I don’t think I’ve written about former Theranos CEO Elizabeth Holmes here, because seeing the documentary about her convinced me she’s either innocent by reason of insanity, or guilty by reason of insanity. Either way, insanity. And this attempts to be a blog about the opposite.
But last week when a document surfaced after being submitted as evidence at her trial—her daily schedule and personal resolutions—I imagined this madness applied to more leaders than just Holmes.
Not that every leader gets up at 4:00 a.m. and eats “bannanna, whey” every day.
But a lot of leaders do try to micromanage their own behavior, often hiring coaches to help. It’s not self-actualization. It’s self-reengineering. And based on what we know about how souls and personalities get made, how could it not be generally doomed to failure.
Through trial and error, I have fashioned a job that rewards my temperament, for the most part. In running (and being run by) my small team and dealing with vendors and customers at Pro Rhetoric, LLC, I can usually be myself. In fact, the more of myself I give to these relationships, the better things usually go. That’s what people should try to do, it seems to me. Not train oneself to be someone else—but to find a place: an industry, an organization, a job—where one naturally belongs.
I hope you’ve done the same by now, too. But if you haven’t, you should keep looking. What you should not do is try to refashion your humanity to accommodate the circumstance you’re in.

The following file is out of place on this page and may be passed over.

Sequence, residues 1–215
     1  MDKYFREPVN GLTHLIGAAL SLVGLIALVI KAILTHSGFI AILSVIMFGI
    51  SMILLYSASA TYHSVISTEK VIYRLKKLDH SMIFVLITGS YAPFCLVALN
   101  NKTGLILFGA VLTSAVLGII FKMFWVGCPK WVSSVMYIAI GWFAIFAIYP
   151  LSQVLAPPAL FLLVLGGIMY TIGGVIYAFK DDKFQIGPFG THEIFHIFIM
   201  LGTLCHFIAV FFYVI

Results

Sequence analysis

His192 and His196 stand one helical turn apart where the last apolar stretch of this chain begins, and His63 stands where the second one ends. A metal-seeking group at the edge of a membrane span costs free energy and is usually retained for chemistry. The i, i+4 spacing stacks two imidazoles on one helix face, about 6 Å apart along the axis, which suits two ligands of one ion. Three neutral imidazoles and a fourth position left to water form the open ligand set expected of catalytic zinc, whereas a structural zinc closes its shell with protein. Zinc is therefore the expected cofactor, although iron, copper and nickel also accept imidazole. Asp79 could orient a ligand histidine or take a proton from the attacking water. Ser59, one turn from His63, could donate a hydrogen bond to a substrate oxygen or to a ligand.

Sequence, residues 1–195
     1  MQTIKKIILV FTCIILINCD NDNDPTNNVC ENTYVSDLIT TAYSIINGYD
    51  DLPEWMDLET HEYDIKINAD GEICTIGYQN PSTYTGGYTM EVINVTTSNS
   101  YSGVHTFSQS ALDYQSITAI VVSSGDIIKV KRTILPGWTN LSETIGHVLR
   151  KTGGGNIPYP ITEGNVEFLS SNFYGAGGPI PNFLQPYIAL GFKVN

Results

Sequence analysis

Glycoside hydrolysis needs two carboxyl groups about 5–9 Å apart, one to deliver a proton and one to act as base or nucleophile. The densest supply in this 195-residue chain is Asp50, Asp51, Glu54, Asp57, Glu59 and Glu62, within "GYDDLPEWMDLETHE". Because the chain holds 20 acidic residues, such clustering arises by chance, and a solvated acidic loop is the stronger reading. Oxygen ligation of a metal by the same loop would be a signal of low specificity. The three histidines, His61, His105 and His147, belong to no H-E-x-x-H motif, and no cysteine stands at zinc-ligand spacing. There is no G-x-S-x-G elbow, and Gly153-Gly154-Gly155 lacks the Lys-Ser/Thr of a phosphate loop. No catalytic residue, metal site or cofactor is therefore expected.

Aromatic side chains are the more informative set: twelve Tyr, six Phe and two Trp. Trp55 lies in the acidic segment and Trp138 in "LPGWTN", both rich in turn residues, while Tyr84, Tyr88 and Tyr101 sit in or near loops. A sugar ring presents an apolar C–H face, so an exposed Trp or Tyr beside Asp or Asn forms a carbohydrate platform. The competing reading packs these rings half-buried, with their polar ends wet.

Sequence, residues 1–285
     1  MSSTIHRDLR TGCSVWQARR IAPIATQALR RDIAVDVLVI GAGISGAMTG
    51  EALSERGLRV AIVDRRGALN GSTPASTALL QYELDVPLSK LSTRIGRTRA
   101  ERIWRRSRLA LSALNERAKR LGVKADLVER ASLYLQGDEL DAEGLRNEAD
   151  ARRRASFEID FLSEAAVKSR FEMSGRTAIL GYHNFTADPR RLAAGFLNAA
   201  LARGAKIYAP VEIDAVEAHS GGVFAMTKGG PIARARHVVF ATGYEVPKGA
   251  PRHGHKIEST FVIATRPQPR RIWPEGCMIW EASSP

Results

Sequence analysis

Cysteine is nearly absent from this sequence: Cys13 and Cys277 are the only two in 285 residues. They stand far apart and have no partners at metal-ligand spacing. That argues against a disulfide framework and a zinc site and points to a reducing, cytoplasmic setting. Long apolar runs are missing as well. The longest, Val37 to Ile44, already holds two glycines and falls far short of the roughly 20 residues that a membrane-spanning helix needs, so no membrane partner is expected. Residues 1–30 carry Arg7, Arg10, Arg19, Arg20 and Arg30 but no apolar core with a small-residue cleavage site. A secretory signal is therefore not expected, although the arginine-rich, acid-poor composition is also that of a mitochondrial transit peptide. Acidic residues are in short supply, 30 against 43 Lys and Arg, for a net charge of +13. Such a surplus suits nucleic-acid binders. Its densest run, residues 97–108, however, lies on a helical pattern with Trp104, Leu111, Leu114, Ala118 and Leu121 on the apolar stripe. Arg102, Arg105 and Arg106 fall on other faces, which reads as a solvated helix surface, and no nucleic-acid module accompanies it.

But maybe CEO of a big company (or a president of a big university or mayor of a big city) is a job where no one naturally belongs. Maybe there are too many warring constituents—analysts and investors, C-suite colleagues and staffers, rank-and-file employees, customers and activists—watching you with too many eyes from too many angles, making too many demands and requiring too much caution, too constant vigilance, too much self-consciousness reserve for any healthy human being to endure. (“Scrutiny?” Chicago Mayor Richard M. Daley once told reporters. “Go scrutinize yourself. I get scrootened every day!”)
That might turn you, if you tried to do it over any length of time, into stone.
Or it might encourage you to avoid that fate by turning yourself into a robot, as young Elizabeth Holmes appears to have been doing.
A severe case, Holmes seems to be.
But really, how rare is the disease?